The Gig City's Internet speed is doubling.
Comcast announced Thursday that it will offer service at 2 gigabits per second to homes in the Chattanooga area, the fastest residential speed in the nation.
But the service won't be available to businesses, and Atlanta will be getting it first, this month. The cable giant has not disclosed how much the new product will cost.
The Chattanooga rollout begins in June and will be available to all Comcast customers and to noncustomers who live where the company's network can service them, about 200,000 people. The company says it already has infrastructure in place for the fiber-to-home service.
EPB officials were unfazed by the announcement. The city-owned utility rolled out 1 gbps service here in 2009. The city's mayor and local business-technology leaders said Comcast's move expands consumer choice and bolsters the community.
"Chattanooga already has the fastest, most pervasive and cheapest gigabit service in the Western Hemisphere," Mayor Andy Berke said. "Today's announcement will only ensure Chattanoogans have even more options to access critical infrastructure."
"Gigabit Pro" will run twice as fast as EPB's 1 gbps service or Google Fiber, Google's new Internet service coming to Nashville.
Comcast had long planned to bring the ultra-speedy service to Chattanooga, but plans were on hold for more than a year as Comcast pursued a takeover of Time Warner Cable, said Doug Guthrie, senior vice president of Comcast Cable's South Region.
Last month, Comcast dropped its bid for Time Warner Cable. That also effectively put the brakes on Charter Communications acquiring some Time Warner Cable markets that Comcast had expected to divest, including Chattanooga.
"We immediately reactivated our plan," Guthrie said Thursday.
Comcast officials said Chattanooga was an obvious location to go after. "Chattanooga is known for being a technologically advanced community," Guthrie said.
About 66,000 homes and 6,000 businesses use EPB's fiber-optics service. Of those, 5,425 get 1 Gbps service.
Comcast doesn't disclose customer numbers. It's not clear just how many EPB customers could get Comcast service, but in March a Comcast spokeswoman said the company is able to deliver its many services, including Internet, to 99 percent of Hamilton County.
"The big message here is that competition works," said J.Ed. Marston, EPB's vice president of marketing. "There hadn't been any interest in serving this market with cutting-edge products until EPB took the plunge and made the investment. I think this verifies our business model."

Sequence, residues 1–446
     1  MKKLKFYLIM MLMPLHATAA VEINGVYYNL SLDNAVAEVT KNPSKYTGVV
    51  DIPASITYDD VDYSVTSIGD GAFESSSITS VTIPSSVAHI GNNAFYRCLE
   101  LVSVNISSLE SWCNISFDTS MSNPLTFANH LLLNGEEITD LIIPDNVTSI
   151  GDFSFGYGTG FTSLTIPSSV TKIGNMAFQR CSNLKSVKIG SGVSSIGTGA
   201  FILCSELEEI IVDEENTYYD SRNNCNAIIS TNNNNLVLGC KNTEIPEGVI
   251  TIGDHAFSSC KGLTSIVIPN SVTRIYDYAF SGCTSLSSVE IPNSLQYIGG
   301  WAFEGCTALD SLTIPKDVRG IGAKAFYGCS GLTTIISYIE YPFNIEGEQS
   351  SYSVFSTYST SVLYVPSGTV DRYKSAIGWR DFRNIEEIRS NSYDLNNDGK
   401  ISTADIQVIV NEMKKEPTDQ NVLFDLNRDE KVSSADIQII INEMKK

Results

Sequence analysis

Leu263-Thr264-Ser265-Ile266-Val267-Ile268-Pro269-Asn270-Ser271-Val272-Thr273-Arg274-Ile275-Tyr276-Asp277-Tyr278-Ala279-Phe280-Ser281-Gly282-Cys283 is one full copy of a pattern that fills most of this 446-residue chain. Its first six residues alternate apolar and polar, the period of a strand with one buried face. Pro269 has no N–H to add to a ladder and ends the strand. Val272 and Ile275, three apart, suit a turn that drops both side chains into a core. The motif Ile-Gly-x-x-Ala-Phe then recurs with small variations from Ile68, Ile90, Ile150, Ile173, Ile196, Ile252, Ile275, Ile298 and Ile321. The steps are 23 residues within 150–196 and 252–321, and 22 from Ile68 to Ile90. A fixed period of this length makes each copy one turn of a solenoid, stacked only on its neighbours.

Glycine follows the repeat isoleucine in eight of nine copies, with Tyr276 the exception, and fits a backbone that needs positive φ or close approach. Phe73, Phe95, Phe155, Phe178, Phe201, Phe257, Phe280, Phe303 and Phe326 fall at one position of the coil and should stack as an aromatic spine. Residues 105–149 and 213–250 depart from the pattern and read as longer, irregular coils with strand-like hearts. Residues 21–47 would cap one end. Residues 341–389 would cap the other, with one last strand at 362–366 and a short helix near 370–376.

No one thought Chattanooga would remain the only place to have gig speeds, said Joda Thongnopnua, communications director for Lamp Post Group, a venture incubator in Chattanooga.
"It's not superproductive to build a network that starts and ends with Chattanooga," he said. Still, EPB "deserves a lot of credit."
Comcast's challenge will be breaking into a community that trusts EPB, said Teresa Mastrangelo, an analyst with Virginia-based market research firm Broadbandtrends.
"They sit in a good position," Mastrangelo said. "We don't hear any complaints about service, nothing like what you hear about Comcast."
Plus, EPB's service is competitively priced. "They learned over the years ... what it was going to take to get customers to actually adopt the one-gig service," she said. "They found that sweet spot."
Mastrangelo speculated that Comcast's service would cost $150-$200 per month. EPB's 1 gbps package is $69.99 per month.
The increase in speed wouldn't necessarily justify the spread, she said. "1 gig, 2 gig -- it's kind of irrelevant, to be perfectly honest. If you were talking 1 gig and 10 gig, that would be different."
Debate aside, Comcast was eager to promote the doubled speed. "The Gig City will soon become the 2-Gig City," said Alex Horwitz, a Comcast Cable vice president of public relations.
The company also touted its other services, including home security and phone.
"It's important to step back and look at the entire offering," Guthrie said. "It doesn't go unnoticed that we're doing this with our own investors' dollars." Comcast reports having made $2 billion in capital investments in Tennessee since 1996.
Comcast's planned upgrade should draw even more innovative companies to Chattanooga and make the city more relevant to tech companies that are developing new products, said Mike Bradshaw, executive director of Chattanooga's business accelerator Co.Lab. "This will widen the opportunity for Chattanooga to capitalize on its first-mover advantage in ultra-high-speed networking."
Chattanooga is Comcast's fourth Gigabit Pro announcement. In addition to the Atlanta metro area, the San Francisco Bay area and four Florida areas will get it, too.
Comcast reports that Gigabit Pro can reach an estimated 1.5 million customers in Atlanta and 1.3 million customers in Florida areas that include Miami, Fort Lauderdale, West Palm Beach and Jacksonville. The company said it expects the service to be available to 18 million homes nationwide by the end of the year.
In the future, Comcast plans to transition to DOCSIS 3.1, which uses modems and would be more seamless in terms of delivery. The company is investing in the technology and plans to test it later this year, with deployment in 2016, Guthrie said.
Contact staff writer Mitra Malek at firstname.lastname@example.org or 423-757-6406. Follow her on Twitter @MitraMalek.